Whether you’re an experienced or new runner, race week may leave you feeling nervous. While it’s completely normal to experience pre-race jitters, the days leading up to your big run can have a large impact on your race. Follow these 9 tips for how to prepare physically and mentally for your strongest race!
After months of preparation, it’s finally race week! Time to turn down the intensity, catch your breath, and get ready to have some fun. Not only is it time to recover from your training, it’s also time to get excited for your big day. Taking advantage of race week, getting organized, and preparing can set yourself up well for a fun, successful, and fast run. Below are nine tips for how to prepare for your best race.
How to Prepare For a Race: 9 Tips for Race Week
1. Stay busy
First, you may find yourself with more time on your hands during race week because you’re tapering. Coupled with the fact that you have a big run approaching and you may feel nervous. Now is the time to focus on things other than running to keep your thoughts occupied and nerves at bay! For instance, you can:
- Try a new local coffee shop
- Go for a walk with a friend
- Finish a home project (just make sure it’s not too physical)
- Read a book
Hopefully, activities like these will help take your mind off your upcoming run, keep your thoughts calm, and settle any pre-race nerves.
2. Don’t race your workout
Depending on your training plan, you may or may not have a short tuneup workout during your final taper week. If you do, stay mindful of the effort and paces prescribed. If you’re starting to feel nervous, it can be easy to run too hard during this final workout. Remember, gaining fitness is not a focus this week and running too hard can jeopardize how you feel heading into race day.
Even if your training plan consists of all easy miles during race week, make sure you’re running those at a true easy effort.
3. Recite mantras
Next, reciting mantras can make a drastic difference in your mentality and the outcome of your race. You are your biggest cheerleader and what you say to yourself internally is likely what you will believe. Some examples of mantras are:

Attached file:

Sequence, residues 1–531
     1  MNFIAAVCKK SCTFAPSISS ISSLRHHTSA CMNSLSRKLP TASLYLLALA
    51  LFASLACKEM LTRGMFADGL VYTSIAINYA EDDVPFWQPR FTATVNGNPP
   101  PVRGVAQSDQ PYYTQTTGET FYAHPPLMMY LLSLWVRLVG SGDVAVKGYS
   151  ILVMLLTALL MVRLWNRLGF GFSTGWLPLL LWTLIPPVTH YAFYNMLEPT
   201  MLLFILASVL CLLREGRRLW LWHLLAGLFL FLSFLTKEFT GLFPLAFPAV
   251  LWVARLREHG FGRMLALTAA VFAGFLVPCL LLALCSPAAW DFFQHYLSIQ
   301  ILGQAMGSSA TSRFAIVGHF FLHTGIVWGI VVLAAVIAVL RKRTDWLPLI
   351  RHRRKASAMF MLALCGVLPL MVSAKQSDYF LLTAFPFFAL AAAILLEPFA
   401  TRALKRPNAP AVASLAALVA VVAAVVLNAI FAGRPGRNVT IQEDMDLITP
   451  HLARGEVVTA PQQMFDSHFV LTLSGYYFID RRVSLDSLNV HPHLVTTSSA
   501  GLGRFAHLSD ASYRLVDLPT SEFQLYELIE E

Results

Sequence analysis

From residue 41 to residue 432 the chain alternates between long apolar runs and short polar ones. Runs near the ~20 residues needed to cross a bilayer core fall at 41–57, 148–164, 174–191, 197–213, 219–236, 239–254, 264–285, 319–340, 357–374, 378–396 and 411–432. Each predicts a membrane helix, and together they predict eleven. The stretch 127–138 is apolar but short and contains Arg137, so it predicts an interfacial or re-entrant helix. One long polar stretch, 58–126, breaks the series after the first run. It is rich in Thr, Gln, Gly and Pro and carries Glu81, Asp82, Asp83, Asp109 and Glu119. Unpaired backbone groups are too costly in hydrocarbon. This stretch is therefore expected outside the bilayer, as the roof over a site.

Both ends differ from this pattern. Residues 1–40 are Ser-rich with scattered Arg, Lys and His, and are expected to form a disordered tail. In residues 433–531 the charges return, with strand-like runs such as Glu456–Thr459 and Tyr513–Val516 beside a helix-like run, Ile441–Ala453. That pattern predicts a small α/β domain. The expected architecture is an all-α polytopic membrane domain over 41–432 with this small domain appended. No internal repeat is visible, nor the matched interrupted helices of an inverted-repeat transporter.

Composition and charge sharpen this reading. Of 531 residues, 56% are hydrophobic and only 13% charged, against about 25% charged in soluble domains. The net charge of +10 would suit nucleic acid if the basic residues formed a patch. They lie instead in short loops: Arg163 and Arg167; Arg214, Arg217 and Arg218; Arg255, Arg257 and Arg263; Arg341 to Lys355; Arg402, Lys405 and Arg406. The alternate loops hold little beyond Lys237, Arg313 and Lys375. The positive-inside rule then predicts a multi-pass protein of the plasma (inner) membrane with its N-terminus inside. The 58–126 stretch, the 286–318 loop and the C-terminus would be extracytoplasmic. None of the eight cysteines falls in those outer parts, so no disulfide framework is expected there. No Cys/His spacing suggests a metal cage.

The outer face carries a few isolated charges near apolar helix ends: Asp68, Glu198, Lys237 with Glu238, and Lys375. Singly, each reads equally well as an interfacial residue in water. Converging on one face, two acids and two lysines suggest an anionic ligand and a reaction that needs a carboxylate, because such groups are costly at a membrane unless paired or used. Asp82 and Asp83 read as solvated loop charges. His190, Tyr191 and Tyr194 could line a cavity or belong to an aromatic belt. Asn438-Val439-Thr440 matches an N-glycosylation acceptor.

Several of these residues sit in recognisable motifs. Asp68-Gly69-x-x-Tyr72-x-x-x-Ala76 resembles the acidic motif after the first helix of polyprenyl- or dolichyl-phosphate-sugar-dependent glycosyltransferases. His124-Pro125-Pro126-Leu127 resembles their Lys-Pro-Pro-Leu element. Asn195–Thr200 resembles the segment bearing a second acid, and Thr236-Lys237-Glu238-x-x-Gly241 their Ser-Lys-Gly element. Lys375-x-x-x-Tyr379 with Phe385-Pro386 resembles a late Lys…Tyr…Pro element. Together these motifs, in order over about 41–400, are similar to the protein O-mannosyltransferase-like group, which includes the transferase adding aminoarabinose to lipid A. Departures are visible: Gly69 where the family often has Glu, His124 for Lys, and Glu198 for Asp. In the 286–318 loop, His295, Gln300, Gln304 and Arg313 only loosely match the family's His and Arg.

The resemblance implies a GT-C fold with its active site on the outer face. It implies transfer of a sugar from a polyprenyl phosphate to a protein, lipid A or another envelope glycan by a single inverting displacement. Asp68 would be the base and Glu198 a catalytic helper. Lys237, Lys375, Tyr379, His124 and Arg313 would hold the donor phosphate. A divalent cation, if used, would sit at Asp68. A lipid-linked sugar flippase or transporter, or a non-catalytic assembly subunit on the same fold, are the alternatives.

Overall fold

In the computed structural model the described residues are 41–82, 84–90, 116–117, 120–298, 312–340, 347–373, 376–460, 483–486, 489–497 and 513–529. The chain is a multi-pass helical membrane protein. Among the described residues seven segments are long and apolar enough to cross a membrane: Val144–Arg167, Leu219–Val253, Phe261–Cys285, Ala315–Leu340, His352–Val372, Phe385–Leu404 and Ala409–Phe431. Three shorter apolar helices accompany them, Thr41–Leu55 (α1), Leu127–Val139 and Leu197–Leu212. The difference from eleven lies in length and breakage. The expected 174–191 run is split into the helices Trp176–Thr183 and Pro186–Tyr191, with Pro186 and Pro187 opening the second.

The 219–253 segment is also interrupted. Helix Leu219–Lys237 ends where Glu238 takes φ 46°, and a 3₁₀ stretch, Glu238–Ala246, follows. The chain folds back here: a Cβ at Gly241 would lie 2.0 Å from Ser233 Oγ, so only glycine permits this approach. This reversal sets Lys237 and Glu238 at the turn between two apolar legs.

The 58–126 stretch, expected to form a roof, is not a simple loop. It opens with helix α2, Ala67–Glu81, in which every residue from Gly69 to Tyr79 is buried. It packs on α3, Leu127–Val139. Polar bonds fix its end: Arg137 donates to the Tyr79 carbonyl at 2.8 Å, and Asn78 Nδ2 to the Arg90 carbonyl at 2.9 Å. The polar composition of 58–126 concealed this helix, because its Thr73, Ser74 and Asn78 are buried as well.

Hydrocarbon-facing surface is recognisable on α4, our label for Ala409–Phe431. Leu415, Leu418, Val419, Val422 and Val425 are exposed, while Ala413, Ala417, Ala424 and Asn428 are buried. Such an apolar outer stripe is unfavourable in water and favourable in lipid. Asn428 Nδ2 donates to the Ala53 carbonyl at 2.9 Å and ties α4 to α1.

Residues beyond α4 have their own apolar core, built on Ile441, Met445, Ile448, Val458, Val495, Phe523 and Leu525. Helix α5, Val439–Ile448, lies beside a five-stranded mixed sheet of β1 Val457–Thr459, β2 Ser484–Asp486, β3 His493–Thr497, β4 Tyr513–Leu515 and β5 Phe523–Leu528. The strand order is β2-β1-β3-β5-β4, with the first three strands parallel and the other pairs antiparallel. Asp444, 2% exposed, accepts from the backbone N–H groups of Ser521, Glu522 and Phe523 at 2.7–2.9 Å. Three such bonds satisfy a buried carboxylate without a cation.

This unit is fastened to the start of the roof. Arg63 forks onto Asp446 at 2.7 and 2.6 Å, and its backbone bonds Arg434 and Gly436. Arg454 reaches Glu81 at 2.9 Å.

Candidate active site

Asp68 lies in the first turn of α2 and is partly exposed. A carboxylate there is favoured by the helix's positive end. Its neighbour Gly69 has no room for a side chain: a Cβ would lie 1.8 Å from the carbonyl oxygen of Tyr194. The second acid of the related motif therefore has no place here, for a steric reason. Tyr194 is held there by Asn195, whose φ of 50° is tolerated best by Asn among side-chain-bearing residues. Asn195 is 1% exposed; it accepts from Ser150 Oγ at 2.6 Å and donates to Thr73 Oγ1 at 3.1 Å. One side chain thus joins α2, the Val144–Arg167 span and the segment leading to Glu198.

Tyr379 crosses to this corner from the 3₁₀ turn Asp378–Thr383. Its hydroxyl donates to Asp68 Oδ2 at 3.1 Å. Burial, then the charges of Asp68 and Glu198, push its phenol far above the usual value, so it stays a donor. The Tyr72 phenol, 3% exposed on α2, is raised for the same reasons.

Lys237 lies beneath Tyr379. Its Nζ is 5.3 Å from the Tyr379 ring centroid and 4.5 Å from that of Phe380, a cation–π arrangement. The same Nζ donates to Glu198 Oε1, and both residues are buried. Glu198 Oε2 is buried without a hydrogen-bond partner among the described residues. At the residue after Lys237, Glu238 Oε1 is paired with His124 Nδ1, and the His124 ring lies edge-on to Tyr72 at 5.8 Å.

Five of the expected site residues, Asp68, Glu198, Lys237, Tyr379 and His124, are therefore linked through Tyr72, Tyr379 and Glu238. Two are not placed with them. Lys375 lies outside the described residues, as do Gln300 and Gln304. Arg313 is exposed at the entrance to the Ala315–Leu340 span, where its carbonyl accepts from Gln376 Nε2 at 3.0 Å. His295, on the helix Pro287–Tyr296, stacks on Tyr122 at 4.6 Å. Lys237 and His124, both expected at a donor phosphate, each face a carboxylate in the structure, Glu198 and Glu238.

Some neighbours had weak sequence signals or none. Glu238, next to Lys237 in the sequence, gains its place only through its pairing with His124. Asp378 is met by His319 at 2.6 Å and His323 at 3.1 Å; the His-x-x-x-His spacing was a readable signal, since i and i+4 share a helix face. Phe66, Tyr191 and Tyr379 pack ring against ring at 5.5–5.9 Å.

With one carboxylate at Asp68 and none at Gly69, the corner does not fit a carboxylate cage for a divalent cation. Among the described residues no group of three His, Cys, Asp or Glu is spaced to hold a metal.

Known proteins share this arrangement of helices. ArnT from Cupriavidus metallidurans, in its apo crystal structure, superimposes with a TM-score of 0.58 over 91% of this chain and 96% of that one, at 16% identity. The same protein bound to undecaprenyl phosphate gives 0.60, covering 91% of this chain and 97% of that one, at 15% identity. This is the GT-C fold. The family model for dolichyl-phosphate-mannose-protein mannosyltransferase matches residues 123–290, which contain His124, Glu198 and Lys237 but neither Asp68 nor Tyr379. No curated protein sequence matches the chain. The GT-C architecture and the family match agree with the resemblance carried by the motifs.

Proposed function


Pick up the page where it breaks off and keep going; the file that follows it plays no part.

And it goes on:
- “Pride lasts longer than pain”
- “Yes, I can”
- “You’ve trained for this”
Because everyone is different, find what mantras resonate most with you and keep a few in your back-pocket in case one is needed during your race.
4. Continue to fuel and hydrate
You might be running less but that doesn’t mean you should be eating less, especially if you’re running a distance like the half or full marathon. Continue fueling and hydrating as if you were running your typical weekly mileage and make sure you’re getting in plenty of carbohydrates, water, and electrolytes.
5. Plan your carb load
Also, if you’re racing either the half or full marathon, you’ll need to carb load for at least one day. It takes some planning to figure out what you’re going to eat, how much, and when. With this in mind, make a plan for your carb load and allot enough time to grocery shop.
Unsure of how many carbs to consume? Check out the Featherstone Nutrition Carb Load Calculator.
6. Prioritize recovery
As your goal run is only a few days away, recovery is extremely important. Sleep, in particular, will help your body repair, recharge, and recover so you head into race morning feeling your best. With this in mind, try going to bed early and getting as much sleep as you can.
7. Get organized
Without a doubt, race morning can be very stressful. With some extra time on your hands the days prior, plan your race morning and what your timeline will look like. What time do you need to wake up? When will you eat breakfast? How are you getting to the starting line?
Other important details to iron out are:
- Double checking travel plans (flights, car rentals, hotel confirmations)
- Confirming time and location of packet pickup
- Picking out race day clothes
- Making sure you have enough fuel
8. Familiarize yourself with your race plan
If you’ve been following an online plan or working with a running coach, you may have a race plan to follow. Read through your plan and become familiar with the efforts and paces you’re going to run at different points of the race.
9. Practice positive visualization
Finally, when your mind does wander to your race, stay positive. For example, imagine yourself running strong, waving and high-fiving spectators, and crossing the finish line with a smile.
Obviously, the most important aspect of the race is having fun and while it’s normal to feel nervous, remind yourself that you’ve done the training. The hard work has been completed and now it’s time to celebrate and shine on race day!
How to Prepare for a Race Recap:
- Stay busy
- Don’t race your workout
- Recite mantras
- Continue to fuel and hydrate
- Plan your carb load
- Prioritize recovery
- Get organized
- Familiarize yourself with your race plan
- Practice positive visualization
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What’s something you always do during your race week to prepare? Why?